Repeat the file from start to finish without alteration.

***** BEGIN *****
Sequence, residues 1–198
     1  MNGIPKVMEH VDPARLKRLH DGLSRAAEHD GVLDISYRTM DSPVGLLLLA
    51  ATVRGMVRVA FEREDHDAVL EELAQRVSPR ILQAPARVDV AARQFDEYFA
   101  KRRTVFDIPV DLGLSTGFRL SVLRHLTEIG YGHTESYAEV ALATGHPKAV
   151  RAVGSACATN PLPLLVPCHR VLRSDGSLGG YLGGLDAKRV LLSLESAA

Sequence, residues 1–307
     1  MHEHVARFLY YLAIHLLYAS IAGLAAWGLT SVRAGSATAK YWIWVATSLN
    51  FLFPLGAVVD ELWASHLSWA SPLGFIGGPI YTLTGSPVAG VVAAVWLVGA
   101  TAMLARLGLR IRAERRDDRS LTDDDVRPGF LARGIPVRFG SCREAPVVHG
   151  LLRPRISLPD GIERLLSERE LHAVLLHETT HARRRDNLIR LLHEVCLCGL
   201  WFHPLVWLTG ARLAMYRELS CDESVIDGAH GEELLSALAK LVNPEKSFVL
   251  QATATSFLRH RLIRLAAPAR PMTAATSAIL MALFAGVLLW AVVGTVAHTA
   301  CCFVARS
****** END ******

Sequence, residues 1–198
     1  MNGIPKVMEH VDPARLKRLH DGLSRAAEHD GVLDISYRTM DSPVGLLLLA
    51  ATVRGMVRVA FEREDHDAVL EELAQRVSPR ILQAPARVDV AARQFDEYFA
   101  KRRTVFDIPV DLGLSTGFRL SVLRHLTEIG YGHTESYAEV ALATGHPKAV
   151  RAVGSACATN PLPLLVPCHR VLRSDGSLGG YLGGLDAKRV LLSLESAA

Sequence, residues 1–307
     1  MHEHVARFLY YLAIHLLYAS IAGLAAWGLT SVRAGSATAK YWIWVATSLN
    51  FLFPLGAVVD ELWASHLSWA SPLGFIGGPI YTLTGSPVAG VVAAVWLVGA
   101  TAMLARLGLR IRAERRDDRS LTDDDVRPGF LARGIPVRFG SCREAPVVHG
   151  LLRPRISLPD GIERLLSERE LHAVLLHETT HARRRDNLIR LLHEVCLCGL
   201  WFHPLVWLTG ARLAMYRELS CDESVIDGAH GEELLSALAK LVNPEKSFVL
   251  QATATSFLRH RLIRLAAPAR PMTAATSAIL MALFAGVLLW AVVGTVAHTA
   301  CCFVARS